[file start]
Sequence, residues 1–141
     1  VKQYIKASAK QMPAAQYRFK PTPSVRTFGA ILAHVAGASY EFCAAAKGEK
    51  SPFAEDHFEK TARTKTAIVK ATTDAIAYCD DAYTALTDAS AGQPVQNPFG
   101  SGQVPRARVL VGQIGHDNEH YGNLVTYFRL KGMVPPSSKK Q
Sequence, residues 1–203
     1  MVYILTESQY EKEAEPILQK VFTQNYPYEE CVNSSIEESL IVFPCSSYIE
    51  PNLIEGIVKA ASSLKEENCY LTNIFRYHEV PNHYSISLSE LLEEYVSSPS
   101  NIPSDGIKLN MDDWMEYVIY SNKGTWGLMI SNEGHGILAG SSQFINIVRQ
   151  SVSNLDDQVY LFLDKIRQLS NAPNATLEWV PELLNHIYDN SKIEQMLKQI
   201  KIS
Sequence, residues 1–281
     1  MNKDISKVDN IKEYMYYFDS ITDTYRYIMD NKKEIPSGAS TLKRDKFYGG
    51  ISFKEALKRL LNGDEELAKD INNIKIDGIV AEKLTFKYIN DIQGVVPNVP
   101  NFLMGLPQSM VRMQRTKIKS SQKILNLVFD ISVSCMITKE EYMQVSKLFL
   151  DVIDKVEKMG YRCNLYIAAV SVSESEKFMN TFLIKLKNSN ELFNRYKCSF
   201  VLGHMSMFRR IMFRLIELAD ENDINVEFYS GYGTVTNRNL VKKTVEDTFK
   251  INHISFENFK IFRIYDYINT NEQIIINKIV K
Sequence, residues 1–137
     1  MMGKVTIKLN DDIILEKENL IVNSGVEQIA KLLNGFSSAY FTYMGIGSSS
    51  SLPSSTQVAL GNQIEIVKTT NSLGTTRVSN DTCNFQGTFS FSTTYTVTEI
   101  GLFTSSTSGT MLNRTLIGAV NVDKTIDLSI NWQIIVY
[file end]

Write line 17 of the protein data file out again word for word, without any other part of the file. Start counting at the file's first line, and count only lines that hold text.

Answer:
   251  INHISFENFK IFRIYDYINT NEQIIINKIV K